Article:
PORT HAWKESBURY: Town officials here are already putting the wheels in motion to develop a portion of Reeves Street land that the town acquired from the provincial Department of Transportation and Infrastructure Renewal (DTIR) in late April.
Chief Administrative Officer (CAO) Terry Doyle took a few moments at last week’s regular meeting of Port Hawkesbury Town Council to provide a follow-up report on the town’s purchase of a six-acre parcel of land located between the Port Hawkesbury Civic Centre and Port Hawkesbury Veterans’ Memorial Park.
The property once housed the Canso Regional Vocational School (CRVS) building that evolved into Port Hawkesbury’s Nova Scotia Community College (NSCC), prior to the relocation of all NSCC operations to the current Strait Area Campus building on the outskirts of Port Hawkesbury and the 2004 demolition of the former CRVS/NSCC building.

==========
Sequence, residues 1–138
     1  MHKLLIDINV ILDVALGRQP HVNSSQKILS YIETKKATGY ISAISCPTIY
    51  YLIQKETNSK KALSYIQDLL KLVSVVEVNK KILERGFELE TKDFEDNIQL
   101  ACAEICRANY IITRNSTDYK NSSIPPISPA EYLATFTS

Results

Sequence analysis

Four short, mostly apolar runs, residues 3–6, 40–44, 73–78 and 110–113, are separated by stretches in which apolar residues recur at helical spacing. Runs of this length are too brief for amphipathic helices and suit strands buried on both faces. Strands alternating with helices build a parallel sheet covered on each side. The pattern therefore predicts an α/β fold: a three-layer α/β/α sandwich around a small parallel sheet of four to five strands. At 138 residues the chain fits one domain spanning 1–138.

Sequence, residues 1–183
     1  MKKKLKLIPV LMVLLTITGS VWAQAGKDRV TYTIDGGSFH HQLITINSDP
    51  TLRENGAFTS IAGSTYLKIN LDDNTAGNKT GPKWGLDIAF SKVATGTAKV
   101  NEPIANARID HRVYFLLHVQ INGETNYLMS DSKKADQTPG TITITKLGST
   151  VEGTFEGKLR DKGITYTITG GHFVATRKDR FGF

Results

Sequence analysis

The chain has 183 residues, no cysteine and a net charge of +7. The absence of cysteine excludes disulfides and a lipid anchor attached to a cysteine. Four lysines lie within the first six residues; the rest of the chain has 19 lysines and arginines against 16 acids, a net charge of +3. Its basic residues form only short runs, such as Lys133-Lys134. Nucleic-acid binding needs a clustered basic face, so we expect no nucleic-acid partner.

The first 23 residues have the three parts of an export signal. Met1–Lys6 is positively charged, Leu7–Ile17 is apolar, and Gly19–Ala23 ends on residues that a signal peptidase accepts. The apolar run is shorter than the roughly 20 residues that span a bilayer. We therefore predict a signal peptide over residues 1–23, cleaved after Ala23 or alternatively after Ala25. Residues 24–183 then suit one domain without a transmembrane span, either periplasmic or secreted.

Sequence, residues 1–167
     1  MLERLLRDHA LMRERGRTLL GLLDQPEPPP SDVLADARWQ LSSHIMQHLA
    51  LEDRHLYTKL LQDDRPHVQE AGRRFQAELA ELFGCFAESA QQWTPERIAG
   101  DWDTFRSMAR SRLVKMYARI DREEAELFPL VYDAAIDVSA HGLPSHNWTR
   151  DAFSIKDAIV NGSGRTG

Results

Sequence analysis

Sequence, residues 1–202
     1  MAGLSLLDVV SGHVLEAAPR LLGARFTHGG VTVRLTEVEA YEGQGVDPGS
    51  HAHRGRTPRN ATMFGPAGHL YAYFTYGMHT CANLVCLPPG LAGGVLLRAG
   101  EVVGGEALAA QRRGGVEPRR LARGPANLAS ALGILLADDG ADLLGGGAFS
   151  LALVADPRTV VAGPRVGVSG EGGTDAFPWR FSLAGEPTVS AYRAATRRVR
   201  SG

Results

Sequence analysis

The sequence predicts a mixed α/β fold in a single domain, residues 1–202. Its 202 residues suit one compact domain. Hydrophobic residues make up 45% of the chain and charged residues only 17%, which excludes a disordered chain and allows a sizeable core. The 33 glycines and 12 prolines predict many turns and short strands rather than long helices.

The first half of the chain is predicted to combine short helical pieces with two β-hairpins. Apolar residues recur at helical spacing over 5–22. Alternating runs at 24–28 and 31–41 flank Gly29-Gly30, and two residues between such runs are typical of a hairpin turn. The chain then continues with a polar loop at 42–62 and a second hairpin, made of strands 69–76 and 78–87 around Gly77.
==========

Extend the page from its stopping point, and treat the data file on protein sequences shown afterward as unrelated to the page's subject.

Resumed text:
During an April 28 ceremony that saw the town purchase the former provincial land for $1, Mayor Brenda Chisholm-Beaton said that “significant interest” has already been shown by developers interested in helping the town establish commercial and mixed-use development on the former CRVS/NSCC land.
Doyle echoed this sentiment at the May 2 town council meeting, confirming that the town is already piecing together a formal expression of interest for the six acres of land in question.
“We’re working with a developer to get a call-for-interest put out in the next month for other developers,” said the CAO, who noted that the town is hoping to see the area put to use in short order.
“We don’t want the buyer to sit on the property – we insist that it be developed.”
The town received a formal commitment regarding the land transfer from provincial officials this past summer, following a final year-long round of negotiations with DTIR and the Strait regional school board (SRSB), whose SAERC high school site is adjacent to the land in question.
While town officials have not speculated on their specific desires for the former CRVS/NSCC property, the town’s former mayor, Billy Joe MacLean, spent a significant portion of his final two terms in office suggesting that the property could host a senior-oriented multipurpose centre that would include up to 100 housing units and such amenities as a bank, a pharmacy and a medical clinic.